Study: Humans Getting Dumber (Intermediate Evolution Lesson Plan ESL)

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Intelligence Lesson Plan (ESL): Intermediate

Intelligence Lesson Plan (ESL): Warm-up (Pair Work)

1) Were you a bright student in your school days? What kind of student were you?
2) What are some of the greatest achievements and inventions of mankind? Make a list with your classmates.
3) In what ways, if any, are you superior to a caveman?

Study: Human Beings Getting Dumber

Given the technological advances we have witnessed in our lifetimes, it seems ridiculous to argue that humans are getting dumber. This is, however, what Stanford University researcher Gerald Crabtree has suggested. In two recently published articles, he writes:
"I would be willing to wager that if an average citizen of Athens of 1000 BC were to appear suddenly among us, he or she would be among the brightest and most intellectually alive of our colleagues and companions (…) We would be surprised by our time-visitor's memory, broad range of ideas and clear-sighted view of important issues. I would also guess that he or she would be among the most emotionally stable of our friends and colleagues."
Crabtree’s thesis is based on the idea that our genes must be functioning at full capacity to optimize intellectual and emotional behavior. He contends that our intelligence may have peaked before our hunter-gatherer ancestors left Africa. At that time, due to selective pressures, humans evolved to have genes that maximized brainpower. Since then, selective pressures have decreased. This has made it possible for several 'genetic mutations’ that hinder our intellectual and emotional capabilities to survive.
Despite these "two or more" harmful mutations of the past 3,000 years, Crabtree believes that technology will allow humans to compensate for these mutations in the future. "We have a long time to solve it. People 300 years ago had no idea where we'd be scientifically now," he says. "We'll be able to deal with this problem with a range of humane and ethical solutions."
Critics say there is insufficient data to support Crabtree's thesis. Others, such as psychology professor Eyal Reingold, argue that the modern-day threats to intelligence are not genetic but environment-based. These threats, rooted in our upbringing and socialization, are the cause of school bullying and children bringing guns to school, according to Reingold.
[Sources:, ]

Intelligence Lesson Plan (ESL): Comprehension & Follow-Up Questions

1)     According to Crabtree, how would an Athenian from 1000 BC differ from a modern man?
2)     What does Crabtree believe has caused this decline in intelligence?
3)     True or False: Crabtree believes the decline will continue indefinitely.
4)     Cite two criticisms of Crabtree’s thesis.

Intelligence Lesson Plan (ESL): Vocabulary Matching

Match the words with their meaning as used in the news lesson plan.
given (sth), …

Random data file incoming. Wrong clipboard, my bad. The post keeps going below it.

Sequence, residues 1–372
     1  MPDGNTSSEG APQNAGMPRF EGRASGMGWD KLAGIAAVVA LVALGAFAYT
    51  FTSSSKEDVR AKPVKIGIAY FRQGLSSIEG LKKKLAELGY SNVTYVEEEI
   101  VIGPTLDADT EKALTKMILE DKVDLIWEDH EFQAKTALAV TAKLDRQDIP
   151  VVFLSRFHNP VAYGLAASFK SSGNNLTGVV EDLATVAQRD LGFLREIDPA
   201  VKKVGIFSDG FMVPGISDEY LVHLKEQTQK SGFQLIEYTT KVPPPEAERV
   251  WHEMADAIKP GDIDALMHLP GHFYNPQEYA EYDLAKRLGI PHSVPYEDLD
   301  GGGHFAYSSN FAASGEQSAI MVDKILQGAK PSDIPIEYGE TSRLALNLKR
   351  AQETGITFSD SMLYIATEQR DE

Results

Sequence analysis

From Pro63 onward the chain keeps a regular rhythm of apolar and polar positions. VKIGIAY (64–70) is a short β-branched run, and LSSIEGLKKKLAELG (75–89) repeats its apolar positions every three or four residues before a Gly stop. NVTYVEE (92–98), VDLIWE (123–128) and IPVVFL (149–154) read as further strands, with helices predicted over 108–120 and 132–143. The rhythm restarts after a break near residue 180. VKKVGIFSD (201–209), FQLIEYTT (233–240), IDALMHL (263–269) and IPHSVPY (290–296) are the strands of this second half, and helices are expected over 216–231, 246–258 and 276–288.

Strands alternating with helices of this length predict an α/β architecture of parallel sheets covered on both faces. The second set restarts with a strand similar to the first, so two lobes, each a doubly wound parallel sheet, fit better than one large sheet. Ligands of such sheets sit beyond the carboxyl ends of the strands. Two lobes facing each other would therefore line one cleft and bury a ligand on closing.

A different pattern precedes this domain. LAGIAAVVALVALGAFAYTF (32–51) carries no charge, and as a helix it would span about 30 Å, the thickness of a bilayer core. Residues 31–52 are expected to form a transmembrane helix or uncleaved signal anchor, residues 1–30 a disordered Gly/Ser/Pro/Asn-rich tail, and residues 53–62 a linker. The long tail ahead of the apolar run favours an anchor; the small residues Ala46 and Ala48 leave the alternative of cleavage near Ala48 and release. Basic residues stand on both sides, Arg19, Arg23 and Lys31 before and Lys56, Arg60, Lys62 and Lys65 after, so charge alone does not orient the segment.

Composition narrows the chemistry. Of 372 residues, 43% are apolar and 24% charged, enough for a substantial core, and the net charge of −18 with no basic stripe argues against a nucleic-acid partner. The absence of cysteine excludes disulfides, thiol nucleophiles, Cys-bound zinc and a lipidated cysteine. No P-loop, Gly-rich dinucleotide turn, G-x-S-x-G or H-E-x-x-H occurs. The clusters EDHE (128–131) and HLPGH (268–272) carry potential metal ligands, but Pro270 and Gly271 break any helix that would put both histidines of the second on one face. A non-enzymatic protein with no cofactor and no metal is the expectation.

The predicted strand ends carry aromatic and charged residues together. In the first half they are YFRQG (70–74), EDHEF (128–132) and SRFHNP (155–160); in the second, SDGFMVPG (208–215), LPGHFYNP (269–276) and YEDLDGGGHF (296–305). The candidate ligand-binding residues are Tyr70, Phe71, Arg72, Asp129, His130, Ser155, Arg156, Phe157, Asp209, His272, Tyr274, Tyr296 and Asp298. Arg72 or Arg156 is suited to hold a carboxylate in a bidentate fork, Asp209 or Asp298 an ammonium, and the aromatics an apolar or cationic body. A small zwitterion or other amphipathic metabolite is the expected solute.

wager (verb)
optimize (verb)
contend (verb)
peak (verb)
hinder (verb)
compensate for sth
rooted in sth
  • given sth = taking into account a fact, factor, etc,; considering
  • wager = bet
  • optimize = make sth as good as it can be
  • contend = say sth is true, especially in an argument
  • peak = reach the highest point
  • ancestor = a person in your family who lived before you
  • mutation = a change in genetic material
  • hinder = prevent sb from easily doing/achieving sth
  • compensate for = provide sth good to balance or reduce the bad effects of damage
  • humane = showing kindness by making sure people/animals don't suffer unnecessarily
  • rooted in sth = developed by sth or strongly influenced by it

Intelligence Lesson Plan (ESL): Connect the below idea(s) to make a sentence.

government / uprising
given / population
wager / ancestors
optimize / performance
scientist / contend
peak / civilization
mutation / hinder
compensate / stupidity
technology / humane
problems / rooted

Intelligence Lesson Plan (ESL): Debate (Pair Work)

(Note: each student reads his/her role only.)
Student A:
Take 1-2 minutes to build an argument that supports Crabtree's thesis. Think of examples, etc. When ready, present your ideas first.
Student B:
Take 1-2 minutes to build a counterargument against Crabtree's thesis. Think of examples, etc. The other student will go first.

Intelligence Lesson Plan (ESL): Quotations For Discussion (Pair Work)

“Today the theory of evolution is about as much open to doubt as the theory that the earth goes round the sun.” – Richard Dawkins
“Stupidity combined with arrogance and a huge ego will get you a long way.” – Chris Lowe
“In the literal sense, there has been no relevant evolution since the trek from Africa. But there has been substantial progress towards higher standards of rights, justice and freedom – along with all too many illustrations of how remote is the goal of a decent society.” – Noam Chomsky
“Since when has the world of computer software design been about what people want? This is a simple question of evolution. The day is quickly coming when every knee will bow down to a silicon fist, and you will all beg your binary gods for mercy.” – Bill Gates

Intelligence Lesson Plan (ESL): Discussion Questions

1)     Nature vs. Nurture: Is intelligence rooted in genetics?
2)     Would you rather be an African hunter-gatherer, an Athenian from 1000 BC, or yourself today?
3)     Technology: Crabtree suggests that technology can compensate for genetic mutations in the future. How could this work?
4)     Are girls smarter than boys?

Intelligence Lesson Plan (ESL) copyright Matthew Barton of